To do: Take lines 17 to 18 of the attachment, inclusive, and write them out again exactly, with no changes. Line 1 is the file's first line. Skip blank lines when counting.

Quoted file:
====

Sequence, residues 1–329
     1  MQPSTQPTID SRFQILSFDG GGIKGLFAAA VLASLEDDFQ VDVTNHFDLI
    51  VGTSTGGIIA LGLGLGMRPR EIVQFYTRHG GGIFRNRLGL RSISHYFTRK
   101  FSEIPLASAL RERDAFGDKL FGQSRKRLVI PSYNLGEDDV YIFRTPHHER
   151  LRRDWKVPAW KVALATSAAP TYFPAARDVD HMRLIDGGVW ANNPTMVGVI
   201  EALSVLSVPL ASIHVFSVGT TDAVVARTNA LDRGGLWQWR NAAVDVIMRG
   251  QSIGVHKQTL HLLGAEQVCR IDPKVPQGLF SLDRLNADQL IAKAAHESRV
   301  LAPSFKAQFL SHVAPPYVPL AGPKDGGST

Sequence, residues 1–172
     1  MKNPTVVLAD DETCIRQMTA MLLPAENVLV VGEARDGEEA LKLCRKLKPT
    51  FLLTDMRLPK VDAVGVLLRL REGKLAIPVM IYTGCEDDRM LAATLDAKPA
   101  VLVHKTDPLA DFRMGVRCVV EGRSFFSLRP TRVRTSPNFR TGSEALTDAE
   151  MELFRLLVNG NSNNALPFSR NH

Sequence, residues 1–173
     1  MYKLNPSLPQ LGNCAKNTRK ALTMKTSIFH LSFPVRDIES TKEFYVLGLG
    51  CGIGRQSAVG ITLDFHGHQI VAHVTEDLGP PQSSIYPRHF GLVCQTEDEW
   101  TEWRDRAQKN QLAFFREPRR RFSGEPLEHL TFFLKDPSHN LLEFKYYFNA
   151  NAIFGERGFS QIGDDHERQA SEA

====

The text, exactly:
   101  TEWRDRAQKN QLAFFREPRR RFSGEPLEHL TFFLKDPSHN LLEFKYYFNA
   151  NAIFGERGFS QIGDDHERQA SEA